In such a risky and high pressure field of accountancy even the most organised firms can make mistakes, all holders of practicing certificates should obtain professional indemnity insurance cover against claims for professional negligence. On top of this, everyday business insurance to protect against theft or damage to your office property, or personal injury around the office, makes good business sense. Professional advice Accountants often act as advisers for business owners, directors and investors.

However, that doesn’t mean CPAs don’t need their own set of advisers. When opening your own firm, develop a team of advisers who can give you advice and steer you in the right direction with your business. Potential advisers could include other practitioners, small business owners, information technology (IT) professionals, bankers and lawyers. Realize which areas you excel in and which areas you could use professional guidance, then seek out those resources.

Human resource
Your employees are an incredibly integral ingredient to the success or failure of your business. Employees should share your common goal and vision, work hard, and believe in the future of your firm. Whether it’s a secretary or college intern, selecting the right employee is crucial. The key to a good hire is having a large pool of potential candidates. You can never over-advertise a job opening; the more good candidates who apply, the better chance you stand of finding a suitable employee. Be picky and analyze candidates’ résumés, handshakes, clothing, communication skills and handwriting.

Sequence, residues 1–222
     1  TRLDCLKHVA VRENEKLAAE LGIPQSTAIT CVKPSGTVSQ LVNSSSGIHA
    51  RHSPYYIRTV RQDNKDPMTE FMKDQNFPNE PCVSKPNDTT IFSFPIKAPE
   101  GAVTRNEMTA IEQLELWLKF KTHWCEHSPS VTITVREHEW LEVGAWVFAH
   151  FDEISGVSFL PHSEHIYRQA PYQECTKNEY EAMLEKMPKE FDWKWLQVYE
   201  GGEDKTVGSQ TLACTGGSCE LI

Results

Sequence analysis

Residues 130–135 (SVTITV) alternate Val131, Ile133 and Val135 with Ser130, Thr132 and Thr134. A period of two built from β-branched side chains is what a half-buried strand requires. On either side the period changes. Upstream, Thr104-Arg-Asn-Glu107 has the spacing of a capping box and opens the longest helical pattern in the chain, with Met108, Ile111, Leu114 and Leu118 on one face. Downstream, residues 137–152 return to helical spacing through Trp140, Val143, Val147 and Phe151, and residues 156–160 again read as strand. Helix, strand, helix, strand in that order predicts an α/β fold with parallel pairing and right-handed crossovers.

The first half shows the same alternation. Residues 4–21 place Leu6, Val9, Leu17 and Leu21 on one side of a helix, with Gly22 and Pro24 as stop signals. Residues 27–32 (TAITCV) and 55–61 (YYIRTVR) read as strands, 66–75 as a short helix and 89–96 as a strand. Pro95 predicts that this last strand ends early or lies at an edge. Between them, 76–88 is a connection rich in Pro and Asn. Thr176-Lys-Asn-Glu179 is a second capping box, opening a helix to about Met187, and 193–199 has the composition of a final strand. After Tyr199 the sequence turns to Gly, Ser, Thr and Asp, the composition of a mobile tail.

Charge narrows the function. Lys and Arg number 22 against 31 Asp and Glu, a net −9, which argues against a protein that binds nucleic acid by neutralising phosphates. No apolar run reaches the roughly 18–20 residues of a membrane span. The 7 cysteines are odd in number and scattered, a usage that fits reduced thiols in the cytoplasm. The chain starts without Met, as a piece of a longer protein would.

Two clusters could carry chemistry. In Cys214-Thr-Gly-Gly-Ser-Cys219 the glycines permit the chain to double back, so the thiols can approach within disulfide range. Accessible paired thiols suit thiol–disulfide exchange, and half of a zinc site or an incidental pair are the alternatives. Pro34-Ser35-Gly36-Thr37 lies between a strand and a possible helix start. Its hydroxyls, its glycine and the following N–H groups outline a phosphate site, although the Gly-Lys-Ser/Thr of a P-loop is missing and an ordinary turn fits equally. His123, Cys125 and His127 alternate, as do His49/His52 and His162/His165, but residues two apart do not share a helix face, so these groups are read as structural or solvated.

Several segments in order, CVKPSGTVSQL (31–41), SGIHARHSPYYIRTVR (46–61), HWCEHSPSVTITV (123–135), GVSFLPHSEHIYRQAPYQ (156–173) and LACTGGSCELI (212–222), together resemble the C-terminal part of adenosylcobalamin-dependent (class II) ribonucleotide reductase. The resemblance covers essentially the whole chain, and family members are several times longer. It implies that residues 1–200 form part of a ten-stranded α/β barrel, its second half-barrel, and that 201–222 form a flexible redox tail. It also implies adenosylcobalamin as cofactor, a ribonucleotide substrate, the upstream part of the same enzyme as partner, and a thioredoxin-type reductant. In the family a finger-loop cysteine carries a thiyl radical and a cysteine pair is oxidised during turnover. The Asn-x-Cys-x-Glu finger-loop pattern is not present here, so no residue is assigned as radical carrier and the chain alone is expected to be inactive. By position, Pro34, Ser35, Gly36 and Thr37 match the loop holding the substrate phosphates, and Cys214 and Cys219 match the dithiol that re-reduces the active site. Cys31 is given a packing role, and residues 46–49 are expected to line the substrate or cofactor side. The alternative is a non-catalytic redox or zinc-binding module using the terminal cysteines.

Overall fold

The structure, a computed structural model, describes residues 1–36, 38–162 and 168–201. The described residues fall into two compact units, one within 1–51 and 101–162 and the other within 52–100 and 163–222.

Type of practice
Most commonly, self-employed accountants maintain very small firms, mostly a sole partner and one or two administrative staff. These firms often cater to individuals for tax preparation or to small businesses for basic accounting and tax filing services. However, your own expertise and past experience in accounting may lead you to establish a different type of business.
•If you have consulting experience, for example, you could establish an accounting consultancy firm. Your business could offer clients solutions for streamlining their accounting process and tightening their internal controls. This might include software training and staffing recommendations.
•Entering a specific area of accounting can define your firm’s core competencies and set you out from your competitors. However, trying to enter too narrow a niche may keep you from getting enough clients to get off the ground. In the early years of your accounting practice, try to remain open to any opportunities for new clients.